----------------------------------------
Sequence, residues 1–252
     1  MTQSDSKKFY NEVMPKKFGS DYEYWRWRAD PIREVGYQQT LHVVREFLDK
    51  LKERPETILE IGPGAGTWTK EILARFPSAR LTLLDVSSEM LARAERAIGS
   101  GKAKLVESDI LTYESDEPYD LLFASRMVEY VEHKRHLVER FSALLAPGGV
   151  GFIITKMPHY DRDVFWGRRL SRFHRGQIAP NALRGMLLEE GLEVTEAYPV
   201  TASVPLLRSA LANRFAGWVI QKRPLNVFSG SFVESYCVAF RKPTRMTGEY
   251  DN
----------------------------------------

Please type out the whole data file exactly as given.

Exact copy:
Sequence, residues 1–252
     1  MTQSDSKKFY NEVMPKKFGS DYEYWRWRAD PIREVGYQQT LHVVREFLDK
    51  LKERPETILE IGPGAGTWTK EILARFPSAR LTLLDVSSEM LARAERAIGS
   101  GKAKLVESDI LTYESDEPYD LLFASRMVEY VEHKRHLVER FSALLAPGGV
   151  GFIITKMPHY DRDVFWGRRL SRFHRGQIAP NALRGMLLEE GLEVTEAYPV
   201  TASVPLLRSA LANRFAGWVI QKRPLNVFSG SFVESYCVAF RKPTRMTGEY
   251  DN